Clad in drab clothing, bored and basically unmotivated, the Man in the Chair sits back in his favorite chair, cycles a two-record LP set of his favorite musical on his old-fashioned turntable and the action unfolds before his eyes.
And before his eyes the story plays itself out. The year is 1928. The place is Broadway’s Morosco Theatre. Real-life husband and wife team Marc Fouchi and Kelly Fouchi take center stage as young, handsome, wealthy oil heir Robert Martin and drop-dead gorgeous, top-name Broadway showgirl, Janet van de Graaf. They are in love. Although they just met and barely know each other, Janet is only too willing to give up her stellar career with the Feld
zeig Follies to marry Robert and enjoy a life of pampered luxury.
This, of course, doesn’t sit well with the show’s temperamental impresario, Mr. Feldzeig (David W. Hoover) who, if you haven’t already guessed by now, is a thinly disguised caricature of Florenz Ziegfeld. And not only does it not sit well with him, it sits even less well with an unnamed gangster boss who is backing the show and whose two henchmen, posing as pastry chefs for the wedding (Matthew Mickal and Mattias Grau III), are holding Feldzeig’s feet to the fire. They are counting on him to break up the wedding and keep Janet hoofing and strutting on the Great White Way. Or else!
That’s the basic plot. Numerous subplots intervene in the meantime as the humorous drama and suspense plays itself out. Mrs. Tottendale (local theatre veteran Janet Shea) and her obsequious butler, Underling (Roland “Butch” Caire Jr.) are hosts for the planned nuptials while Robert’s best friend, George (Brian Falgoust) is a nervous wreck trying to pull all the wedding details together. One of George’s tasks is maintaining the old-fashioned tradition of keeping the bride and groom from seeing each other until the actual wedding. That’s where the title character comes in.
The unnamed “Drowsy Chaperone” (Carrie Hill) is the lovable lush who is charged with keeping Robert and Janet apart until the magic moment. However, she is more self-absorbed in her alcohol-sotted parallel universe than she is with matters of the heart. Of all the words in the English language dictionary, probably none have more synonyms than “intoxicated.” Roughly 212 at last count. Surely the creators of this wonderful comedy could have come up with a better moniker than “drowsy” in the title. Hill is anything but that, stumbling and bumbling across the stage in lively lockstep with the music on her big production number, “As We Stumble Along.”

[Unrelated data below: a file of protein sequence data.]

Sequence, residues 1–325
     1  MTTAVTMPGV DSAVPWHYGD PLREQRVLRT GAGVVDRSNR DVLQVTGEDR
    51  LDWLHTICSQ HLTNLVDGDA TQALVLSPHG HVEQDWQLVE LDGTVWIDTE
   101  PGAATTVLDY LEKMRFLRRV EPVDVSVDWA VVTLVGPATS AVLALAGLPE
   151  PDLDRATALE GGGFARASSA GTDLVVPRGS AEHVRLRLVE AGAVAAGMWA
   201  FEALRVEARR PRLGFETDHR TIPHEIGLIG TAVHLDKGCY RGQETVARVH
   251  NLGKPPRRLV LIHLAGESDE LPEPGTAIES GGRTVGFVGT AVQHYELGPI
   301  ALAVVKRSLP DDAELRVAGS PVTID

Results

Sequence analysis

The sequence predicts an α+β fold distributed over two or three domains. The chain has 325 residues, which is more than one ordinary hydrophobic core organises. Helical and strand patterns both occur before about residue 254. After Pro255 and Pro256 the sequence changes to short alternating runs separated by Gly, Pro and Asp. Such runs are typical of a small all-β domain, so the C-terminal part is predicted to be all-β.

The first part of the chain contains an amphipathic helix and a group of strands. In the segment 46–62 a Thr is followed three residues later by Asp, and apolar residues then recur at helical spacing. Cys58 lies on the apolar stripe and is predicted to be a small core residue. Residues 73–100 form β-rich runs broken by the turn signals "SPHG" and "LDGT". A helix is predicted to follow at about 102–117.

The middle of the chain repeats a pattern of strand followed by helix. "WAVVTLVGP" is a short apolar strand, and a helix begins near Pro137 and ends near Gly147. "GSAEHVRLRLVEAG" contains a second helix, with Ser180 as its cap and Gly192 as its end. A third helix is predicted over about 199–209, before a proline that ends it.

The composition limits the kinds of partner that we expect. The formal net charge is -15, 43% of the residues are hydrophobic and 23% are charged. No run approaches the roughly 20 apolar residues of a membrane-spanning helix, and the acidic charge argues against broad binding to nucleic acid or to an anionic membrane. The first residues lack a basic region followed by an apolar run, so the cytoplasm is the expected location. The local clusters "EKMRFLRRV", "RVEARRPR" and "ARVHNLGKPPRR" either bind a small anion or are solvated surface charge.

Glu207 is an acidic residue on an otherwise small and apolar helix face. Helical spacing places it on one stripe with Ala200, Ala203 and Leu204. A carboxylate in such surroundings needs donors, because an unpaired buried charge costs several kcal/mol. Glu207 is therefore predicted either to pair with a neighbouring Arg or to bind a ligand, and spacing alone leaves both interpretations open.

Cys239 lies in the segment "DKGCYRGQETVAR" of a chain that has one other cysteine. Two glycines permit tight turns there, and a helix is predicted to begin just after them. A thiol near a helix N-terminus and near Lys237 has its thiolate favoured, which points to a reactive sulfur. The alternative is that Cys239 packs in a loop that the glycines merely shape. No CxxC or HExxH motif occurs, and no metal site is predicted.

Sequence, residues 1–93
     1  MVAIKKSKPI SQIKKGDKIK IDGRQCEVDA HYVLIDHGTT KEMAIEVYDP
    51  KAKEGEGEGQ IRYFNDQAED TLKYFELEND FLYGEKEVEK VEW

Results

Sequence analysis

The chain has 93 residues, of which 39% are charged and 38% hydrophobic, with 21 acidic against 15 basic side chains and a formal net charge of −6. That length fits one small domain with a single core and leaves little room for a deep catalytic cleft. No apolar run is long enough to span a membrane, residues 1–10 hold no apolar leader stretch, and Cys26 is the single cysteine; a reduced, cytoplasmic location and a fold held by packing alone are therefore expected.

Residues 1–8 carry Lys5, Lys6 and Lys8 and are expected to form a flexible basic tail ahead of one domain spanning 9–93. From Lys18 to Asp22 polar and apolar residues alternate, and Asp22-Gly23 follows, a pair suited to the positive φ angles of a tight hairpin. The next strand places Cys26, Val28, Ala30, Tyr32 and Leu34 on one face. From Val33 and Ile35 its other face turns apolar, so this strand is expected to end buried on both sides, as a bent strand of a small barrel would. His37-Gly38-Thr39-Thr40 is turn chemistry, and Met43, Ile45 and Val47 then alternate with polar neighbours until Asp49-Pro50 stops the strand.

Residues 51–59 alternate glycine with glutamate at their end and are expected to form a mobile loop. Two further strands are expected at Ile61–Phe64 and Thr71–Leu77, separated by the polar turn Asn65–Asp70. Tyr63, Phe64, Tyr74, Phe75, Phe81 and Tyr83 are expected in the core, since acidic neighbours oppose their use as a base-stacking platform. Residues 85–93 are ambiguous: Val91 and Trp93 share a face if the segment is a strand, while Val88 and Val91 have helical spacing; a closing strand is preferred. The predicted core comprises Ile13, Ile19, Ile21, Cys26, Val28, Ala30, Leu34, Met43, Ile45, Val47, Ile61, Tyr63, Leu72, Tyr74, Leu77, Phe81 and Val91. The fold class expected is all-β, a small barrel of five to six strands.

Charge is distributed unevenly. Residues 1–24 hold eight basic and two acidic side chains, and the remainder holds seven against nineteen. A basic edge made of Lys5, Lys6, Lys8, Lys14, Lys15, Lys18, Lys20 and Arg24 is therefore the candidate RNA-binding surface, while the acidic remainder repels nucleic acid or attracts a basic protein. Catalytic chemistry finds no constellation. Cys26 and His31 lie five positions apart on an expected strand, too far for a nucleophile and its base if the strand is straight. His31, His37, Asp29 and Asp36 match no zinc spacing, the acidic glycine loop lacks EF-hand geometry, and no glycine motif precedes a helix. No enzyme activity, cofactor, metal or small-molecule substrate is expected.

Shadowing Feldzeig, eagerly and impatiently waiting in the wings to step into Janet’s soon-to-be-vacated lead role in the Follies is the leggy, ditzy, curly-haired blonde chorus girl Kitty (Carrie Black). She’s none too bright; all squeals and gushes but, with gams like hers and the talent to maneuver them, who needs brains? But, no matter how doggedly she pesters him, she still can’t get her big break with Feldzeig because his life depends on keeping Janet single and in the show. And so, to accomplish this, he contracts with the notorious gigolo, Adolpho (Brian Peterson) to have Janet sexually seduced and make knowledge of the seduction public.
Adolpho, a totally silly-looking dandy in a tight, bright toreador outfit and a conspicuous white streak through his jet-black hair, shows up in Janet’s boudoir, ready for the kill, but who does he meet there instead? The all-too-willing-to-be-seduced title character. Needless to say, the seduction goes awry for the intended target and unintended consequences result instead. Still more complications arise as the wedding plans themselves go awry, but along comes Trix the Aviatrix (Erica Fox) to save the day. Not to spoil it for those who haven’t yet seen the show, all I will venture to say at this point is the ending is a happy one for more cast members than just the center-stage couple.
Especially noteworthy (and hysterical) is the “Monkey on a Pedestal” production number; so hokey and corny you just have to laugh along with it. Which was probably its intent. Yet another hilariously memorable moment came when the performers were doing a number that kept repeating until the Man in the Chair stamped his foot on the floor in front of the stereo to get the record going again (“Works every time”).
Co-producer/Director Gary Rucker can look in the mirror and nod and smile with satisfaction at yet another in a long string of fine, first-rate stage productions. Everything about this show worked to near-perfection. It was funny, serious and funny again. It was well-acted and well-choreographed, thanks in no small part to Kelly Fouchi who coordinated the dance numbers while doubling in the leading lady role. The show’s pacing was exquisite. The dance numbers were performed flawlessly. The jokes were delivered to maximum effect, many of which would have had the audience rolling on the floor had there been room to roll. A better cast of local actors could hardly have been chosen. Everyone played their roles to the hilt including the Ensemble supporting cast, Hope Barnard, Bob Murrell, Abbey Peterson and Jeffrey Springmann.
Overall a fun show, definitely worth seeing. A great getaway from our otherwise humdrum and ordinary lives. Good seats are still available by calling 885-2000 or going to the JPAS website. www.jpas.org.
NEXT UP FOR JPAS: The Hallelujah Girls, starring Gennifer Flowers, October 21-November 6, and Fiddler on the Roof, October 22-30. More details in next week’s column
by Dean Shapiro.
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